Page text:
Sparks31 has a brief article up on Covert and Hidden Antennas.
Whether you are setting up a field radio station for communications or a monitoring post for SIGINT operation, the antenna is the linchpin of your setup. The best radio in the world is useless without a decent antenna.
Let’s take a look at a common antenna design, one I’ve used with much success over the years:
This is a discone antenna. I have one at my eastern QTH. For a first antenna it’s not bad. It makes an adequate wideband receive and transmit antenna for the VHF and UHF bands. It’s a unity gain antenna, but its advantage is that you can get on the air with multiple VHF and UHF bands with a single antenna. For permissive urban and suburban environments it’s a good choice.
However, it sticks out like a cow in church. Anyone with a modicum of RF knowledge will know what you’re doing when they see one on your roof. Not a problem in permissive environments like the U.S. today, unless you live in place that has a H.O.A. which restricts antennas, or for whatever reason(s) you want to keep your RF activity under wraps.
Antennas are one of those things that you can easily roll your own out of whatever stuff you have lying around your workshop, homestead, or wherever.
Marconi spins in his grave every time a ham buys an aerial instead of building it.
– Joe W1GFH
KD6TLF also wrote about hidden antennas for purposes of operating where antennas were restricted. His original site is gone, but his article is reprinted here.
Build your own hidden stealth and secret antennas
Learn how to build, hide and operate indoor and outdoor Ham antennas without causing RFI problems. Some of these designs were taken from pirate operations and applied to legal radio.I do not condone pirate radio, but why not apply their hideing techniques with proven ham antenna designs and theory.
Hide your antenna in something else. Extreme Measure for the most severely restricted environment. When NOBODY can know you have a transmitter. For apartment Balcony, Great working! Hanging “HUMMINGBIRD FEEDER” bird feeder 10-40m HF Antenna Instructions. This hides the outside loading coil so your random wire will tune up on 10-40m. Puts substansial portion of your radiated RF outside your apartment-condo…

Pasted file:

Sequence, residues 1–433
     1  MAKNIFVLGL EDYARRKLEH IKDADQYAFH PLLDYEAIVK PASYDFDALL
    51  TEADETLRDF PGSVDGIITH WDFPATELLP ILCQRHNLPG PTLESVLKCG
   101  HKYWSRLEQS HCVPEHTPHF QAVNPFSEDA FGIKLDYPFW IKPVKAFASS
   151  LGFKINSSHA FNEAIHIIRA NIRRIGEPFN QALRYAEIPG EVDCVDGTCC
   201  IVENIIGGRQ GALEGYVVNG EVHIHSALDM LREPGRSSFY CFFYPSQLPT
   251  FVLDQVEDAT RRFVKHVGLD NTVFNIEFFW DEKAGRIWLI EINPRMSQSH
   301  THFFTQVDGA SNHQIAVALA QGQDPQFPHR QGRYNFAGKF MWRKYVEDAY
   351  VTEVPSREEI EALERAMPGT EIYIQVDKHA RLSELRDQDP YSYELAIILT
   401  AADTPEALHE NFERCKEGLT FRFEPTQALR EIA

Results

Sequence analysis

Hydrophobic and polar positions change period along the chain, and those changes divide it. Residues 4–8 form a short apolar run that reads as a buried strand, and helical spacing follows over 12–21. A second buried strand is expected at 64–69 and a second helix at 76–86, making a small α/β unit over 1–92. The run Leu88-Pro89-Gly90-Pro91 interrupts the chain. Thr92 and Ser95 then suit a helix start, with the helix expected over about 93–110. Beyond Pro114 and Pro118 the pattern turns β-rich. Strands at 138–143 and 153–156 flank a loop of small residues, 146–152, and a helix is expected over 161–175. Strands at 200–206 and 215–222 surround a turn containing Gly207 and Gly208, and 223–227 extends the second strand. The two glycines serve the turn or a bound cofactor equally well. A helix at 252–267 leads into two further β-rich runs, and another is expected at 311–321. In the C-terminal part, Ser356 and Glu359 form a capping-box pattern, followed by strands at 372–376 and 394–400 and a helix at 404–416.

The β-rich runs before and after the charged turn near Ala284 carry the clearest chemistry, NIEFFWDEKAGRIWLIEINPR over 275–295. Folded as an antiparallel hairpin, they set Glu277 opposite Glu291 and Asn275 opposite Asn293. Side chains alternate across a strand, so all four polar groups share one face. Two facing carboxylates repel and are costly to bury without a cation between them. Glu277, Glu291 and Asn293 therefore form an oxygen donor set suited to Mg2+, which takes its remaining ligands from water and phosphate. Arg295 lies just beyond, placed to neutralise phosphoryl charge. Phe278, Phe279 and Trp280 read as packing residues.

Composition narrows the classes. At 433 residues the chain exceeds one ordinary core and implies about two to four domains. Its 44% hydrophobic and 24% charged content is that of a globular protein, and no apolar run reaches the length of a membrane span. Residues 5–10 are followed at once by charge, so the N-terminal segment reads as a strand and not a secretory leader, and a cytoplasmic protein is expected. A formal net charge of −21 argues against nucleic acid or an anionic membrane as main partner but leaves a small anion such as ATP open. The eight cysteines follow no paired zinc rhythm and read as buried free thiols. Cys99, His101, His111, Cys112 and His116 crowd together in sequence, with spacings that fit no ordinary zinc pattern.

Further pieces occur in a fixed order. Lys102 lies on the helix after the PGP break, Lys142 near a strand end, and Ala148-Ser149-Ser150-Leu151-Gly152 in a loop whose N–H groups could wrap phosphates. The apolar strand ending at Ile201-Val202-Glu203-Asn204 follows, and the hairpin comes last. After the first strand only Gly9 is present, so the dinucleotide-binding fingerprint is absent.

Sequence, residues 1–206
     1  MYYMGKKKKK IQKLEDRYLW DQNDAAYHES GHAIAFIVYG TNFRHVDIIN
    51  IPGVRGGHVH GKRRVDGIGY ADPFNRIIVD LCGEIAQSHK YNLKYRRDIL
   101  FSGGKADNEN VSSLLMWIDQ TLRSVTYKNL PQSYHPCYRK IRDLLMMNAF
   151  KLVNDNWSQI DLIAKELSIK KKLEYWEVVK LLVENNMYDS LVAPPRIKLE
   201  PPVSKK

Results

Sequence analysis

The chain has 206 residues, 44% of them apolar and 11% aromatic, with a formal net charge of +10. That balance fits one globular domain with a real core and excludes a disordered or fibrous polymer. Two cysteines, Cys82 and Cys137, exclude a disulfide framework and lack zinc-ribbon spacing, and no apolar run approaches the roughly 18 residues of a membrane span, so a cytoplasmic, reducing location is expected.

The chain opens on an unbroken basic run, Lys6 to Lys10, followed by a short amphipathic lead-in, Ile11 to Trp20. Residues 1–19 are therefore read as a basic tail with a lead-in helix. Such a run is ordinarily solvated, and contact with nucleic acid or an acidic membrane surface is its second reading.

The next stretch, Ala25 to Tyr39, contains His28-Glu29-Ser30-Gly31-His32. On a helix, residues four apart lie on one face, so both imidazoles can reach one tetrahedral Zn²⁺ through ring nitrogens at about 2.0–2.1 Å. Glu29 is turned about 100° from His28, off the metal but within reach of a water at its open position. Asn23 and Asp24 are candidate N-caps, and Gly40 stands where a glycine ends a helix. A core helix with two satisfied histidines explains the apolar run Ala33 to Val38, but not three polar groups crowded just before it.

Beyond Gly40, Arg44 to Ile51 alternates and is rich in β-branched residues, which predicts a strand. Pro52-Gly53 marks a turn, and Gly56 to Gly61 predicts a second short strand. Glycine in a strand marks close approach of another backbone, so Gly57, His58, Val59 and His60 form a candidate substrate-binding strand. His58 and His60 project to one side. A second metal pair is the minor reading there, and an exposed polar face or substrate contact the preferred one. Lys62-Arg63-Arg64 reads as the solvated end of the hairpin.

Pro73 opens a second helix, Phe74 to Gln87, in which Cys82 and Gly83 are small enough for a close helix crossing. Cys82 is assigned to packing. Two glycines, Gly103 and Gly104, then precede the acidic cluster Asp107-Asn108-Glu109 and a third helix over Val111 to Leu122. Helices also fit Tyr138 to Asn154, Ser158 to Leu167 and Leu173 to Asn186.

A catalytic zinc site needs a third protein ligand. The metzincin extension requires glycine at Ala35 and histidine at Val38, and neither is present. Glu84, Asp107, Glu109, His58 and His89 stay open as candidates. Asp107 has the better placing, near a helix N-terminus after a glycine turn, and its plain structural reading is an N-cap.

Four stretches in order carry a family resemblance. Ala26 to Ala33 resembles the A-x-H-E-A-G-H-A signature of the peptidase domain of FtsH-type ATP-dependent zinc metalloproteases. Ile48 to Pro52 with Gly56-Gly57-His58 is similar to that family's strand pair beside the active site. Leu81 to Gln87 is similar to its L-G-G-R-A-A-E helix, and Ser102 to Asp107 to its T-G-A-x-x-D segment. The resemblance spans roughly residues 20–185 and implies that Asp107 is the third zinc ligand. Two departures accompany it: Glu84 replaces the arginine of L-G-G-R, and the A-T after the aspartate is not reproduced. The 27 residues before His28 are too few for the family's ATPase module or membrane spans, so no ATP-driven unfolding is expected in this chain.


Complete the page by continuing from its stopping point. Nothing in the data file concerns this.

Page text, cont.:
LOOK AT THESE. DO YOU SEE ANY ANTENNAS? 10-30m and 40m balcony antennas. 10-30m is an AEA Isoloop magnetic loop, (MFJ type loop), and a 40m hamstick bundled with fishing poles to hide. Stick is tuned with wire tuner and artificial ground counter poise. I’m on the 3rd floor.
The loop is covered with a plastic tarp to hide. I get average 559 sig reports every where I go. Even on dx reports. Loop works DX very well. From my QTH in Escondido, Ca I work Asia , Russia, South Pacific, South America, etc points West of me in afternoons on 15 and 20. CW! Also I work all USA and Canada. I have not tried Europe yet in mornings from here yet. I do not operate much in the Extra class band where most of the DX is, because I like ragchew type qso’s. I can’t say enough about these loops. They really perform…
Prepared Ham has a similar article – Hidden Antennas for HOA Restrictions.
There are two antennas in this photo can you find them?